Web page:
Global warming is putting the squeeze on bumblebees. In the most comprehensive study ever conducted of the impacts of climate change on critical pollinators, scientists have discovered that global warming is rapidly shrinking the area where these bees are found in both North America and Europe.
Researchers examined more than 420,000 historical and current records of many species of bumblebees–and confirm that bumblebees are in steep decline at a continental scale because of climate change. The new research is reported in the journal Science.
This shrinking range is bad news for more than bees. “Bumblebees pollinate many plants that provide food for humans and wildlife,” says Leif Richardson, a scientist at the University of Vermont who helped lead the new research. “If we don’t stop the decline in the abundance of bumblebees, we may well face higher food prices, diminished varieties, and other troubles.”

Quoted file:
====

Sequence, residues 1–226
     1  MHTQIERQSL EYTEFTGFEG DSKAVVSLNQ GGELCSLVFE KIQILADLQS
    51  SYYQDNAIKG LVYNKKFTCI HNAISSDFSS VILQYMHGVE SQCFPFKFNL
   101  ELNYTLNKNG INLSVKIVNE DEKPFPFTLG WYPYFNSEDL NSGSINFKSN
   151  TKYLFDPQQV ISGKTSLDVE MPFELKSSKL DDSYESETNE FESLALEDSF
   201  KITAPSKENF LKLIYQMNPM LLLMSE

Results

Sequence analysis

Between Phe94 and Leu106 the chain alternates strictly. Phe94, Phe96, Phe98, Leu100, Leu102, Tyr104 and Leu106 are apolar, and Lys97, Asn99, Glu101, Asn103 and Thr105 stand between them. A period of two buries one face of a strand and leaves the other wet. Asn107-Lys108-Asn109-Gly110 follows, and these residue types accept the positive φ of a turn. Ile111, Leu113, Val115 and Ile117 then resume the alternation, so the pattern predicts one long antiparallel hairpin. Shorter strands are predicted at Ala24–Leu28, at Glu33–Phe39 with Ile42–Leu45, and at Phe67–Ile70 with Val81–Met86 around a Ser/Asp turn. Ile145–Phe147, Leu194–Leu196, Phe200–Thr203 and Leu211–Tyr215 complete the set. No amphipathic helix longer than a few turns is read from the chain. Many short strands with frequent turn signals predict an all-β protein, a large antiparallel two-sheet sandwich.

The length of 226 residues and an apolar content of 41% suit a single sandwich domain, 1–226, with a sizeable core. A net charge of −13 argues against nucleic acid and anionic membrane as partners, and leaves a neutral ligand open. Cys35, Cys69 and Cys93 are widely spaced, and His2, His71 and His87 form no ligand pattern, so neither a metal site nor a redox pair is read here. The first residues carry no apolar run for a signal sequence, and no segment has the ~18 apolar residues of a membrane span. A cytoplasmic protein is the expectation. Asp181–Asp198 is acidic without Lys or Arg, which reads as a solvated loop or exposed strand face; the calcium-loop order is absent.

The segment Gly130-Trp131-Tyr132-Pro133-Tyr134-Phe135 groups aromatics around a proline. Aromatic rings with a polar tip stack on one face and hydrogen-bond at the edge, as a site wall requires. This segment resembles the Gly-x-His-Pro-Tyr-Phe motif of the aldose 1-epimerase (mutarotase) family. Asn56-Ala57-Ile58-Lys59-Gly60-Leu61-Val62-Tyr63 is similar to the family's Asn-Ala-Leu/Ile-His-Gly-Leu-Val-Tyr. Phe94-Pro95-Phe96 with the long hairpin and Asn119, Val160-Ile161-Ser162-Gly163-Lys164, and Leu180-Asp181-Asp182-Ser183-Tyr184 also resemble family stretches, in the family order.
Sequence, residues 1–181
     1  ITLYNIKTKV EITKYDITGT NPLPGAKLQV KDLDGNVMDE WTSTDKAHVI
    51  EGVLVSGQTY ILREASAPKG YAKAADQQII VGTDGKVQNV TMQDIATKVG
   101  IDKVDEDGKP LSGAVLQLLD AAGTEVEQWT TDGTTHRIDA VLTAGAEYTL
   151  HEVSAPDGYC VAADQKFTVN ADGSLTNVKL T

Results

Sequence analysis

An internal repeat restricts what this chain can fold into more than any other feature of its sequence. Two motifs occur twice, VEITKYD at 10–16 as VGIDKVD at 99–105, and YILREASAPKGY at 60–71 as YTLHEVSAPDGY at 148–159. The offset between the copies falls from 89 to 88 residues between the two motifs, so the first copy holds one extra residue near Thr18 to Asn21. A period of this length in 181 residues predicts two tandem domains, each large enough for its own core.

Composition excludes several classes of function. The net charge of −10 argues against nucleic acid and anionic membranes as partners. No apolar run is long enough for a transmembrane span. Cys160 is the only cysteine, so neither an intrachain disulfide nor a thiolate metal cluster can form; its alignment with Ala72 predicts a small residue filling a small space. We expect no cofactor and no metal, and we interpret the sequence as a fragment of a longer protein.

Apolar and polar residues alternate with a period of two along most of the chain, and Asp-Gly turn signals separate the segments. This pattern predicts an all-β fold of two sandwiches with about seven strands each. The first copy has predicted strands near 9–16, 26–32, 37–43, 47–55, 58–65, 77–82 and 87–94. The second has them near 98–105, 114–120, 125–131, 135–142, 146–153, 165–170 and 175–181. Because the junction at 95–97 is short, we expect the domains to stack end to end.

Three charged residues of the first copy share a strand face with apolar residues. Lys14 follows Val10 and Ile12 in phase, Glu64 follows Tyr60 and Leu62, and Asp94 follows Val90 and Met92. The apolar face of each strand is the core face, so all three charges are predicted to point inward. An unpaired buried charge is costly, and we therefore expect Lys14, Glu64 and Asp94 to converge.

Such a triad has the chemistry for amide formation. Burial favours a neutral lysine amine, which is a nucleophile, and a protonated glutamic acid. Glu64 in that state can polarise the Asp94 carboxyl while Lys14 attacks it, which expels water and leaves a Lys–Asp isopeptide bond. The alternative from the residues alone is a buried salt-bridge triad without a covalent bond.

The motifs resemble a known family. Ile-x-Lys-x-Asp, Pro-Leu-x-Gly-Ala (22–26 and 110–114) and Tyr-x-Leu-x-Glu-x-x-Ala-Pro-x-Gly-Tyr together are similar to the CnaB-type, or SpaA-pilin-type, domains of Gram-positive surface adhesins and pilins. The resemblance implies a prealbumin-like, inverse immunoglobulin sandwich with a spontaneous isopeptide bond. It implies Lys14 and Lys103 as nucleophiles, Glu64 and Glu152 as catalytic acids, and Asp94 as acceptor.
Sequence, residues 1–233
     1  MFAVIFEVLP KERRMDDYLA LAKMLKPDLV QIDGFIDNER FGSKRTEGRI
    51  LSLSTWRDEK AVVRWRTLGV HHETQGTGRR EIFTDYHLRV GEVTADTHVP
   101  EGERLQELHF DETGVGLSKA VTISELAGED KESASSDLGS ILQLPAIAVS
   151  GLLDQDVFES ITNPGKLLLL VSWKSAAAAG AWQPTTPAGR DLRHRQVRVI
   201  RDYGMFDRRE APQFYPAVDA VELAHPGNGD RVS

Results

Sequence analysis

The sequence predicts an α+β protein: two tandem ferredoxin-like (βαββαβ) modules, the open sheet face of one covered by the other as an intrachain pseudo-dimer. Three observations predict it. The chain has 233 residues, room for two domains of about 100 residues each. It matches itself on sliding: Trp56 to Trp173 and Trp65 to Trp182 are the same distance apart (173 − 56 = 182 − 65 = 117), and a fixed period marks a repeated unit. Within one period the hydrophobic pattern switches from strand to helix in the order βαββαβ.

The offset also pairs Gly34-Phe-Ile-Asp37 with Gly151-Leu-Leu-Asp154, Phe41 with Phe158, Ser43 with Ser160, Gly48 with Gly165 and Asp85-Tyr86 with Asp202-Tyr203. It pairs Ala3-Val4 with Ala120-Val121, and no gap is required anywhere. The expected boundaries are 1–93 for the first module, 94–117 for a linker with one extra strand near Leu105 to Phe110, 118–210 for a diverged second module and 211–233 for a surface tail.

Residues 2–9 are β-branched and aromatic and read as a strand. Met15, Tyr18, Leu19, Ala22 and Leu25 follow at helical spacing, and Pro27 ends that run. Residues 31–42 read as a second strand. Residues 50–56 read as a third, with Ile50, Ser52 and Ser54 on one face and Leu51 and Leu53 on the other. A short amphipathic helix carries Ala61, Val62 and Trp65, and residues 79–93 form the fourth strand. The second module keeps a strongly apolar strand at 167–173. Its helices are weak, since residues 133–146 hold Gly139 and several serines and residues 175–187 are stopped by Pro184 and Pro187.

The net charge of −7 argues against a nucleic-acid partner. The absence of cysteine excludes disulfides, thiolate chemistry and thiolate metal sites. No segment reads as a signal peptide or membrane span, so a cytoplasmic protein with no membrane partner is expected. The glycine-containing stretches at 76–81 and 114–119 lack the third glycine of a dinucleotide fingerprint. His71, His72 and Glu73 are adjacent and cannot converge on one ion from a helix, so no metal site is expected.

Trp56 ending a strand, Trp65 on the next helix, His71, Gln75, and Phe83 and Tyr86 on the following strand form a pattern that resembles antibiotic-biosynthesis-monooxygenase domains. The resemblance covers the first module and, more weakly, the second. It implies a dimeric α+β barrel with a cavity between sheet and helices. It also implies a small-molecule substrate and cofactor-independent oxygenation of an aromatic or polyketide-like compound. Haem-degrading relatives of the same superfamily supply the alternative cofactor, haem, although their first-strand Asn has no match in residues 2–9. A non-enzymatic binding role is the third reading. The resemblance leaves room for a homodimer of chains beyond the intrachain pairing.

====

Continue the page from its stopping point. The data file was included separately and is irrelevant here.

“Pollinators are vital for food security and our economy, and widespread losses of pollinators due to climate change will diminish both,” stated Jeremy Kerr, a biologist from the University of Ottawa, who led the new study. “We need to figure out how we can improve the outlook for pollinators at continental scales, but the most important thing we can do is begin to take serious action to reduce the rate of climate change.”
With climate change, many species of animals, including butterflies, have been observed to expand their territory: the northern edge of their range marches toward the North Pole–while the southern edge remains in place. Not so bumblebees. The team of fourteen scientists who conducted the new study found that northern populations of many bumblebee species are staying put–while the southern range edge is retreating away from the equator.